It is Shavuot, when we as Jews celebrate receiving the Torah at Mount Sinai, when Our God shared with us It’s divine plan, the blueprint of the universe as received and conveyed by Moses, prophet to three major world religions. Moses and his brother Aaron led the ancient Hebrews across the Red Sea (as the story of Exodus goes) out of Egypt , fleeing Pharaoh’s chariots after many years in slavery.
But for consideration now, I want to look earlier in the story, at what led Pharaoh to imprison and enslave the ancient Hebrews. As stated in the story, it was his fear that this multitude of guests would renounce his welcome and align themselves with his enemies in time of war. Growing up with this story, I never understood how someone could fear such a thing or why a people thriving somewhere would actually turn on their neighbors with whom they are sharing a relatively good life. Where does such a seemingly irrational fear come from? Once slavery is being considered, imposed or implemented, I can understand agitating for better conditions or the right to leave. But do people actually bite the hand that feeds them, or turn on those who have helped them during times of suffering? I have never understood that idea or tendency.
I still don’t really know or understand it, but I see from history that a flourishing people “sojourning” in a land they arrived at “not-first” may indeed turn on their hosts and friends. I see how that could undermine one’s faith in helping the stranger in need, turning away from suffering. That was Pharaoh’s fear and evidently Pharaoh’s fears were fair. I’m positive that such “biting the hand that feeds us” isn’t unique to Jews, but the teaching is ours; this mirror is ours to look at first, not to hold up for others to face instead. Hence, I want us to honestly consider the actions carried out in the name of Zionism over the past 100+ years and project back in time as we celebrate this Jewish holy day. I think it is good, not to excuse Pharaoh’s violence and inhumanity, but to try to understand his motivation. If he saw into the future, maybe he would have thought it wise to contain us (despite recent collusion between Egypt and Israel against the Palestinians). Jews and Zionist in the 20th century did side with outsiders at significant junctures, and we need to deal with that.
The overwhelming strand of Zionist leadership, from its inception to the present day, has sought support not from the people of The Levant or the Arab world, but from the British and other “Western” colonial powers. Since then, Israel has taken over homes and land and water from the people who were there (Palestinians) and has claimed the resources for themselves, dispossessing tillers of soil, planters of trees, sellers of goods, people with keys to the homes of their grandparents.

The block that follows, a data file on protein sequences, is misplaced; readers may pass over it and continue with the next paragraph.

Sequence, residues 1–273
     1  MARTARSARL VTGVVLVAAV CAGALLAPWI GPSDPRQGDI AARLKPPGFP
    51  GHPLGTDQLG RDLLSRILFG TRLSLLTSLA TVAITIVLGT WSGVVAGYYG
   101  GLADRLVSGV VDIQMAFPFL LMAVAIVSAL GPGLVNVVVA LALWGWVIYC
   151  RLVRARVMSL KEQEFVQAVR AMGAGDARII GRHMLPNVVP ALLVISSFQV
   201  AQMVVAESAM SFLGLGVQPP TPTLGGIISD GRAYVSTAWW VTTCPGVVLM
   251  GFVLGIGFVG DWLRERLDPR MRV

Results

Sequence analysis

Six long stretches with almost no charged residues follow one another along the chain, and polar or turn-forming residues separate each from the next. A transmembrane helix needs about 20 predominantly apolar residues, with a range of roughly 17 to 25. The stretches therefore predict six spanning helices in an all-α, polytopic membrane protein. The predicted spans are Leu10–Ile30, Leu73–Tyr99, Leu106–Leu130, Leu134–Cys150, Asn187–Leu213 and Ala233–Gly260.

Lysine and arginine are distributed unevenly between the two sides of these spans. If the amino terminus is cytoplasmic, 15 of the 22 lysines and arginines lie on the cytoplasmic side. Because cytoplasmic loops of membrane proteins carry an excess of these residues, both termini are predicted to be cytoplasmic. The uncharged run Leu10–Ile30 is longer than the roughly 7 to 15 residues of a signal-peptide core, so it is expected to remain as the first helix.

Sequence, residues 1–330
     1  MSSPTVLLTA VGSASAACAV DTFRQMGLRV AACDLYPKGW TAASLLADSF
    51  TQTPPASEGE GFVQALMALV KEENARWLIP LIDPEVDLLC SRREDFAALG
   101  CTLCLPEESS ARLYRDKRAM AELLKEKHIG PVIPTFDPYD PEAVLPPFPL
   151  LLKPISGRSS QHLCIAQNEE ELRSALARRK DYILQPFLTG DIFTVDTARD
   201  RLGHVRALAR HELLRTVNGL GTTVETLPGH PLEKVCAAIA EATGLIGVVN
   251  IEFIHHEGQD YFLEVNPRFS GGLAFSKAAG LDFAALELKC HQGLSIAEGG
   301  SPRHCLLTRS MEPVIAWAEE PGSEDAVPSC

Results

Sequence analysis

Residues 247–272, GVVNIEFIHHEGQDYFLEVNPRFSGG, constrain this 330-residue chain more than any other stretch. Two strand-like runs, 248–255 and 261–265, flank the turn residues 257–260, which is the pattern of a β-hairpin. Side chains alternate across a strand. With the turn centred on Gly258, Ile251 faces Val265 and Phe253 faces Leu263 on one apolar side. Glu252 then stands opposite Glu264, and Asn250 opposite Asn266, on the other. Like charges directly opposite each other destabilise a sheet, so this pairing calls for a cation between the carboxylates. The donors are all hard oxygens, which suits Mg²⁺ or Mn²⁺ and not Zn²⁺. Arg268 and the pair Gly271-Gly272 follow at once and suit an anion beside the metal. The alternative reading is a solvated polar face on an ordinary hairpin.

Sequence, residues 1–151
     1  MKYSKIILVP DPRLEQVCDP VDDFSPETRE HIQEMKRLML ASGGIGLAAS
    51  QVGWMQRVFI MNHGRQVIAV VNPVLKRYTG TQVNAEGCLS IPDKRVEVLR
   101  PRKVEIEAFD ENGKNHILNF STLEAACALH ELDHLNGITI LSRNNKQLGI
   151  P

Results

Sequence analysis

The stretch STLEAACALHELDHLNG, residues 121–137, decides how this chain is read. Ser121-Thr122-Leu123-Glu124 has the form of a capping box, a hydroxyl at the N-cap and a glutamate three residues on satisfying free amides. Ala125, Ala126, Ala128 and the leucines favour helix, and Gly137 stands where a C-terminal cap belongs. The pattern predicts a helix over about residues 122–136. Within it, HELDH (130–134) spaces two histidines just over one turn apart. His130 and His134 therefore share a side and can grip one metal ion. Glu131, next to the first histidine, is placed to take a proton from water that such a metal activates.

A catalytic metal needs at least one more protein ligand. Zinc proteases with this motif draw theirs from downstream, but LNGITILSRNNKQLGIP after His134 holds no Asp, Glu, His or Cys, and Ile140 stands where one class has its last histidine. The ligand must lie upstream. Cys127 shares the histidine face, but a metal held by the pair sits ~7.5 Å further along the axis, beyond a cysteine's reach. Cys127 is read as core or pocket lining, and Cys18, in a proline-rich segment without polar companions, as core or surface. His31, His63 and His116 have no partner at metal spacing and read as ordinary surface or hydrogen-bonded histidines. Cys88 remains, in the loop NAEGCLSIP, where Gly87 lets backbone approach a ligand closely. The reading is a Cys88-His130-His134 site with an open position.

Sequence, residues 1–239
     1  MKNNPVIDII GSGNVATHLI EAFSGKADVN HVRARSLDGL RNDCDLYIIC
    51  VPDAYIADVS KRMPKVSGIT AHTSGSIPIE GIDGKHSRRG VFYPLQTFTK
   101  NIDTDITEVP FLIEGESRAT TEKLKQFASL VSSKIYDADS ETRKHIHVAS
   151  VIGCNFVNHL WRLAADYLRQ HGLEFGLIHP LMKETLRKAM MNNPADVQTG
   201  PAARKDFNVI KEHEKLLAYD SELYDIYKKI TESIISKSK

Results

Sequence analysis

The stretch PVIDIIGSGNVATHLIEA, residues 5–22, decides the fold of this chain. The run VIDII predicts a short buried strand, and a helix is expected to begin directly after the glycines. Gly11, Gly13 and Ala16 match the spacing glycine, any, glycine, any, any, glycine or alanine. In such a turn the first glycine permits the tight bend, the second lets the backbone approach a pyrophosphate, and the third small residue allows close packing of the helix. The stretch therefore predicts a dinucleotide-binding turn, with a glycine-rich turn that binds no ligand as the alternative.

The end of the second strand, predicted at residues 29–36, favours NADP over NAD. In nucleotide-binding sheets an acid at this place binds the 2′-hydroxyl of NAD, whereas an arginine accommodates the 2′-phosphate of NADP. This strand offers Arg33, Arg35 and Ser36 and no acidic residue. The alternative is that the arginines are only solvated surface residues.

In Algeria in the 1950’s most of the longstanding Jewish population chose to side with France’s colonialists against their Arab neighbors who were throwing off the yolk of colonial rule. The Arabs, as I understand it, were surprised at their neighbor’s choice. I don’t understand it either, after all the historic violence European Christians have committed against Jewish communities over many centuries.
I don’t know why Moroccan Jews didn’t fight their deportations to Israel in the early 1960’s. I don’t know who pushed the issue more, the Moroccan king or the Israeli leaders, but by all accounts it wasn’t due to any rift between Jewish and non-Jewish Moroccans. They were promised Haifa and the sea, but given Beersheva and the desert instead, as their reward for heeding the call of a drum someone else was beating.
Pharaoh’s enslavement of the ancient Hebrews, to whom modern Jews like me claim descent, was a wrong response to his fears morally and practically since (as we’re taught as children) “two wrongs don’t make a right.” But if he could see into the future, it seems his fears weren’t actually unfounded. A grateful and prosperous people can and sometimes do turn against their neighbors and friends. I don’t know if the Hebrews of the Bible would have ever sided with a foreign power against the Egyptians. Looking at modern Zionism and the actions of its adherents and advocates though gives retrospective credence to Pharaoh’s fears.
Now, as Egypt’s military dictatorship actually colludes with Israel against anything Palestinian, is the story coming full circle? Just as I refuse to grant veracity to any 2000 year old land claim, I don’t want to lump modern Egypt with its namesake of the past. There is a sad poetry in this geographical reprise of nations turning on nations once deemed friends. It makes the offering of hospitality to strangers seem like a risky business, and that is a huge impediment to our survival, not just as a people, but as a species. I refuse to renounce mercy, kindness, generosity. The lesson, I’m positive, isn’t for us to mistrust and not care about others, or to act attack or enslave people out of fear. The lesson is to keep trying to get it right so we have justice and can live together in peace.